Check out how flat the tops of those boards are, perfect alignment, and all that is needed is a wee bit of sanding, not planing, or jointing !!
And below is what the measuring gauge adapter looks like and how it is used. The blue tape is to help remind me which end of the rod I am using for measuring, which is particularly handy when the bar is near the middle.
Cabinet Making (and face edge use)
For me, the second most common use is is reconfiguring the jig to make face side holes the match the end holes so that I can make strong, accurate cabinets and use the dowels to align and hold the edges together. You can see in the picture how the side of the doweling jig has be re-set so it clamps the wood in order to make face side dowel holes.
Anyone making tables, dinning tables, coffee tables, end table, night tables and more, will appreciate how accurate the Dowelmax is when it comes to setting the "reveal" for how deep or shallow the inset the table skirt can be set. As you can see in the picture below, all it takes is releasing the thumb screws on the leading edge side of the jig and inserting either on of the pre-made aluminum shims, or making your own custom sized shim. Such an easy way to postion the skirting on all 4 legs so they are all perfectly aligned.
Picture Frame Making
Making picture frames is a very popular woodworking theme, with the Dowelmax you can easily use the 1/4" drill guide and use that for assembling your corners to make very strong picture frames and you can use pre-make picture frame material, or make your own.
45 Degree Edges
Making any furniture component using 45 degree corners has never been easier. With the optional 45 Degree plate. Just replace the leading edge flat plate with the 45 degree plate and you are that quickly in business for making accurate holes in 45 degree edges.
Anyone who is making cabinets will also be making doors from time to time and the Dowelmax allows you to make them a couple of ways. The first way, as shown directly below is to assemble the door as you need it, you could even glue it up or just clamp it together dry. The next step is to take your router or trim router with a rabbeting bit installed and set to the proper depths and height, and rout out the inside of the door. This works great for any wood or composite panel you are putting in. If you are wanting to insert glass, you may want to cut the corners to 45 degree with a chisel or knife.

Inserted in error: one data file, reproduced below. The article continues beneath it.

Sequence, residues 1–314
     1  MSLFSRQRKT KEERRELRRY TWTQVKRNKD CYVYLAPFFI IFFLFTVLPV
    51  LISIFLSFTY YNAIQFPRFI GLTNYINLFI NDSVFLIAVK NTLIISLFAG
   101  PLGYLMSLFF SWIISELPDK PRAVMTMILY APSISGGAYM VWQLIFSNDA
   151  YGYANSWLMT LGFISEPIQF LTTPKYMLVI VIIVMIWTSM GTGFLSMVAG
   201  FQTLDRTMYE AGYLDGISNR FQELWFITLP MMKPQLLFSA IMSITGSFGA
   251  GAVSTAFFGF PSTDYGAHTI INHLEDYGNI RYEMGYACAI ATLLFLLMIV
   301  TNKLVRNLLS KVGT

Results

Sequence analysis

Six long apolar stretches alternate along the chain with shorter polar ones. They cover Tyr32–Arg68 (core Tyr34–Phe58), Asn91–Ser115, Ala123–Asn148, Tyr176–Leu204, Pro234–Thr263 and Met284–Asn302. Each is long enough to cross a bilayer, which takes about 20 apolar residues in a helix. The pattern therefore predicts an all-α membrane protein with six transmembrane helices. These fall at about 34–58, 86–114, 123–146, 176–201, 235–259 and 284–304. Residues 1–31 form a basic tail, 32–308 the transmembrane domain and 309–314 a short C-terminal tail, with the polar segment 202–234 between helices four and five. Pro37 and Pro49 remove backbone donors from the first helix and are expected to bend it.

The second and more traditional way to make doors is to rout out a dado on the inside of the door frames. The Rails (the horizontal pieces) you can rout through, end to end, but the Stiles (the vertical pieces) are best using the "stop" system on a route table using an up-twist, carbide 1/4" router bit. The stop and start of the cut is pre-set up on the router fence, then the stile is "plunged" on to the spinning router bit, then pulled slowly through the bit to the end stop.
The dowelmax is then used in it's standard configuration to drill dowel holes into the facing pieces. If you make sure you keep your face sides aligned in the jig the face of your cabinet frame will be perfectly aligned.
What's More ...
Yes there are even more uses for using the Dowelmax for specialty kinds of joints that I will not cover here because most of us will not use them, but if you have a dowelmax, you will figure them out for yourself pretty quickly.
Copyright Colin Knecht
- - Taylor Tools Affiliate Store - https://lddy.no/18zkg